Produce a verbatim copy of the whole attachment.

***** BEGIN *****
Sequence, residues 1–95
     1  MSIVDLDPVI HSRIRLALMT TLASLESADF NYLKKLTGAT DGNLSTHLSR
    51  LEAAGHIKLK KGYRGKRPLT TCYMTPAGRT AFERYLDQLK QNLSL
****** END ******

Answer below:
Sequence, residues 1–95
     1  MSIVDLDPVI HSRIRLALMT TLASLESADF NYLKKLTGAT DGNLSTHLSR
    51  LEAAGHIKLK KGYRGKRPLT TCYMTPAGRT AFERYLDQLK QNLSL